Posted By SYMANTEC
We have uncovered a new Android Trojan that uses several techniques to hide itself on devices, and remain in the Google Play Store. The malicious app collects device information and displays advertisements. However the functionality and behavior of this app could be easily extended to a wide range of other malicious purposes.
The malware (Android.Doublehidden) is localized in the Persian language. Its name translates to ‘Photograph by Fiery’and it has a package name of com.aseee.apptec.treeapp.
The pattern of availability of this malicious app on Google Play suggests the author is attempting to remain under the radar. During October and November 2017, the app has been updated five times, alternating between a working legitimate photo editing app, and this self-hiding malicious non-app. As far as we can tell, the app developer ‘i.r.r developer’ publishes several other apps which are legitimate.
The app presents itself as a photo editing app, but immediately dupes the user and hides itself on installation. On launch, the app asks the user for Device Administrator permissions—a well-used approach for malware to gain a strong foothold on the device. In the subsequent user interface (UI) screen, the app displays a message which roughly translates as: “Unfortunately, this app does not work on your phone. After exiting, the application will be deleted.”
Although the app closes, the malicious functionality is already in place.
The app hides itself on the device using the following techniques:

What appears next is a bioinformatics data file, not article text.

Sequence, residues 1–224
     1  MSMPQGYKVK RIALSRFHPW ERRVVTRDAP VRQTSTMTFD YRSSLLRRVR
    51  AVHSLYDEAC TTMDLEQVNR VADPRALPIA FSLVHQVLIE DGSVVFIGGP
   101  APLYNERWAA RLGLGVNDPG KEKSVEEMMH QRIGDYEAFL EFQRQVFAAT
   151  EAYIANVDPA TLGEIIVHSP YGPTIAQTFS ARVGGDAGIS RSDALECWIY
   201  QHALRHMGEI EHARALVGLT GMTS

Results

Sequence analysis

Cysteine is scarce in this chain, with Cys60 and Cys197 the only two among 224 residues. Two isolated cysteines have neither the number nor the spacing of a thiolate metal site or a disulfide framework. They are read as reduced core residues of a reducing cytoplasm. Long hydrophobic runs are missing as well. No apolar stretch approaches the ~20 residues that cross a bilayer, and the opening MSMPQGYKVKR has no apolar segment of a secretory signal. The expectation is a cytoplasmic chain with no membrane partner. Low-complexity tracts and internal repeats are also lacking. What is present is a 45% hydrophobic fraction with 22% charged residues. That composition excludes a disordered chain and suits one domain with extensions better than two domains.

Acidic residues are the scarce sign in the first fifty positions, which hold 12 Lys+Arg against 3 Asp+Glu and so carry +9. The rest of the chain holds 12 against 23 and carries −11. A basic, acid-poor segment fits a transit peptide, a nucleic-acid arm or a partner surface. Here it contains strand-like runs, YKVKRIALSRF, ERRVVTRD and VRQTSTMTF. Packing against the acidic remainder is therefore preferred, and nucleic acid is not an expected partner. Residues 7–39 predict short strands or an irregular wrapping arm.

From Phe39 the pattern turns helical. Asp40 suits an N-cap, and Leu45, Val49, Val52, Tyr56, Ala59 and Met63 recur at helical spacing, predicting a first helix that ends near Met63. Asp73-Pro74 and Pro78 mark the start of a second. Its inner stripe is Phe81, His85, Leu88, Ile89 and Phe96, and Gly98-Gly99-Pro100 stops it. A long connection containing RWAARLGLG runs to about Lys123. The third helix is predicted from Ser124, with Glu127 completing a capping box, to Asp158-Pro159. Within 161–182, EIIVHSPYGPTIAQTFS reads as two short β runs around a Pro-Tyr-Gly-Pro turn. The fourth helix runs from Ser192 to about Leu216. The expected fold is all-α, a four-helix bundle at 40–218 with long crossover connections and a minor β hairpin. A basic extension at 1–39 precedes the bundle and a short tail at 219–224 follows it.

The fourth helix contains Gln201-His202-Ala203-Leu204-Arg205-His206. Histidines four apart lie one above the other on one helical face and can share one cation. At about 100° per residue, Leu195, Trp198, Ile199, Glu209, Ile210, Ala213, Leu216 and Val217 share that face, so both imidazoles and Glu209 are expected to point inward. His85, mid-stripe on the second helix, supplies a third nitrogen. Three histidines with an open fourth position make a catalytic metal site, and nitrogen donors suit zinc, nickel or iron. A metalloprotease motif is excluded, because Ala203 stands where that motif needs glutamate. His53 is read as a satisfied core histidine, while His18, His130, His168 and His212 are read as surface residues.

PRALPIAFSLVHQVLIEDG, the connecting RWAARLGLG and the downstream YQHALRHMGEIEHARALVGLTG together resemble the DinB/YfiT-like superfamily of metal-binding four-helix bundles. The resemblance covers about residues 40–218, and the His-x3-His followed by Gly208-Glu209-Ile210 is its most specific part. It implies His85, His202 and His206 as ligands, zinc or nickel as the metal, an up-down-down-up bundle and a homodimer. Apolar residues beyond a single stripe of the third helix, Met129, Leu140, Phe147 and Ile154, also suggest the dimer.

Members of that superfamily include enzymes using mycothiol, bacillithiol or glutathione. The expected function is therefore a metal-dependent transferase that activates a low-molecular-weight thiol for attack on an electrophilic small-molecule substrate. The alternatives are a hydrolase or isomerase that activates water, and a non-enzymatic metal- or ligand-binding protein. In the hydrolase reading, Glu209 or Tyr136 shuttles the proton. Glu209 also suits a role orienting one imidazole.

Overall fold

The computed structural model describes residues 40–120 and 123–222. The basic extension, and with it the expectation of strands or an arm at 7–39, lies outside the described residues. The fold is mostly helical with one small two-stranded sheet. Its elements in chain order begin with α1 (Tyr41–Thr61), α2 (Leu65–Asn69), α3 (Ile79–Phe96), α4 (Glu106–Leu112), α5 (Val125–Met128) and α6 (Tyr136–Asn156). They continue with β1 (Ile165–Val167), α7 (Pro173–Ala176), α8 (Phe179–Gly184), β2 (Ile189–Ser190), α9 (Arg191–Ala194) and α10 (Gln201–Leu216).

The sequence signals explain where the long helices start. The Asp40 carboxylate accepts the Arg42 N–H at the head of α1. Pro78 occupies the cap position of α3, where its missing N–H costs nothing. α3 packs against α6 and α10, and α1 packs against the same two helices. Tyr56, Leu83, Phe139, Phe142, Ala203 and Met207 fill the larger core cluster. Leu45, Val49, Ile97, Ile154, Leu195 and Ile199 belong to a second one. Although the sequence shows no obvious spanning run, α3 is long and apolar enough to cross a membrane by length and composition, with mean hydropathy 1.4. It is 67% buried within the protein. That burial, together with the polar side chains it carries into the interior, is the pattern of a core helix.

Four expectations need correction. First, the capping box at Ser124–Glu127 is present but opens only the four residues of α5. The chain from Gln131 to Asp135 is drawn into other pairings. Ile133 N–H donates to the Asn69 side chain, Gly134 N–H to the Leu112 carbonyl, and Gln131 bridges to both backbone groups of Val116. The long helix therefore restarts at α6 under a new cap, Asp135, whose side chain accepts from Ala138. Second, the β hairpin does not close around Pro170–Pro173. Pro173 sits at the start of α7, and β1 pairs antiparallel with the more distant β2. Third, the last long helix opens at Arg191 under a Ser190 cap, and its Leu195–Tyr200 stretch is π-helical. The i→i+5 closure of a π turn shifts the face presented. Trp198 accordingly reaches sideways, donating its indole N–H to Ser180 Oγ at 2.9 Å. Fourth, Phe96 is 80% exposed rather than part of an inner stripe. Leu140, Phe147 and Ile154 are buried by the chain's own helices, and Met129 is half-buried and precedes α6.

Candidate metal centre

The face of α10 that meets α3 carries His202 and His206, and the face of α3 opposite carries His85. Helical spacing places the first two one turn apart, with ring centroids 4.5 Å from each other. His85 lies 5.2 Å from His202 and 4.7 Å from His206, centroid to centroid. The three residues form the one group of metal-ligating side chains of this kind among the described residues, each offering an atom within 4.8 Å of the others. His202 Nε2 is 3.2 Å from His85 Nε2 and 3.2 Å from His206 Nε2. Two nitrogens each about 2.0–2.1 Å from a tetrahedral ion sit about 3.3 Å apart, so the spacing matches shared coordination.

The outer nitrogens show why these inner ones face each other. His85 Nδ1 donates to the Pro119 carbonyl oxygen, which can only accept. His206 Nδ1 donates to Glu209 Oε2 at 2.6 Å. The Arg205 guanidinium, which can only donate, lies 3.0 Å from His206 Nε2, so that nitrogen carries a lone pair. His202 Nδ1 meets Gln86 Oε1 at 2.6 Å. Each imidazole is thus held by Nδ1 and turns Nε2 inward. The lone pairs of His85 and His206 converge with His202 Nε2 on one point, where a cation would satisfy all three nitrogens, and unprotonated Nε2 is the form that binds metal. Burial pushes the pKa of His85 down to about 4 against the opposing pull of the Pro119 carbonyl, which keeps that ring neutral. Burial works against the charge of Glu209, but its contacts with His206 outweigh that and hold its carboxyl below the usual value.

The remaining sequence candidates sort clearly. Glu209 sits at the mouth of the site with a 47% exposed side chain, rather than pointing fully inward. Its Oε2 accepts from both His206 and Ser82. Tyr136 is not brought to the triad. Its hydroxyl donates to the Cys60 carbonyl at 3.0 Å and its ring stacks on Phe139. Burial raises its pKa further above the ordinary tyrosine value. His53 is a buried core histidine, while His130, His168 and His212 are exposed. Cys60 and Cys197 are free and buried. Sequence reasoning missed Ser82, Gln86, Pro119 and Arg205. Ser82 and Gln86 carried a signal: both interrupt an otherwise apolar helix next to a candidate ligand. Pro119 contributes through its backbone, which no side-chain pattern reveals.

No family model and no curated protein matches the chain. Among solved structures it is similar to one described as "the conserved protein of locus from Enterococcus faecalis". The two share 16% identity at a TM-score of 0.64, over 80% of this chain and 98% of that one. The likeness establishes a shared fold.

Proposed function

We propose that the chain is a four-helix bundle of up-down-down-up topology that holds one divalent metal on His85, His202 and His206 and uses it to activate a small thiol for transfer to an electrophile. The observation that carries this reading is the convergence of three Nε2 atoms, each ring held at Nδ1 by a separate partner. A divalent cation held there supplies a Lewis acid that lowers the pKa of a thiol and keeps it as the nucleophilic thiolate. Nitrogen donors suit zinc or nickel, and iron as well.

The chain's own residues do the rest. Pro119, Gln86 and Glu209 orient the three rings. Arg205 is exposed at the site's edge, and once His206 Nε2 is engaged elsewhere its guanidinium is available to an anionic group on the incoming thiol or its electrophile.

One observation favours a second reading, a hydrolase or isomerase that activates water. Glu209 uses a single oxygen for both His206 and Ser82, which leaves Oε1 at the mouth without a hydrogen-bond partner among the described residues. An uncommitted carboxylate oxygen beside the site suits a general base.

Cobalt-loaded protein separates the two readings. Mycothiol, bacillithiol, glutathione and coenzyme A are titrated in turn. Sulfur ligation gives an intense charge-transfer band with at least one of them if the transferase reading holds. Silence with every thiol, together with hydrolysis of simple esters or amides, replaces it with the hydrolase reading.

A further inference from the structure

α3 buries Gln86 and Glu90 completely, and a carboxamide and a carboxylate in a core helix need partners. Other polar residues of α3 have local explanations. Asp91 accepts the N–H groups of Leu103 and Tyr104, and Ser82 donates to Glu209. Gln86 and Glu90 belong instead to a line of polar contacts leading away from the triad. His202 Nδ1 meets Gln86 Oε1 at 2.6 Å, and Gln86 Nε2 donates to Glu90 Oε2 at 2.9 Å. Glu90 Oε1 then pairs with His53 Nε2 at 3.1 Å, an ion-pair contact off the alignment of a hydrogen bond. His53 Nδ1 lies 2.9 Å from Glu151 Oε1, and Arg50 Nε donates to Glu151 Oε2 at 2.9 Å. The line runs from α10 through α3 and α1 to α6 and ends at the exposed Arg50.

The app calls setComponentEnableSetting(). Once the app launches, it disappears from the app launcher (its icon no longer appears on the home screen).
The app leverages its position on the victim’s device to collect data and advertising revenue. The app collects user information to send to the malware authors. Google Cloud Messaging is used to push configuration information, including when to collect data and where to send it.
The malware may collect the following information:
If the user gave the malicious application the Device Administrator permission, it will be more difficult to remove.
The malware also requests and displays advertisements on the device including suggestions for additional applications by using the OneSignal notification network.
If the user gave the malicious application the Device Administrator permission, it will be more difficult to remove, as the user will have to disable ‘Device Administrator’ for the app in the app settings (and remember, this entry is a blank row) to actually uninstall it.
Symantec and Norton products detect this malware as:
Stay protected from mobile malware by taking these precautions:
Learn more about Symantec :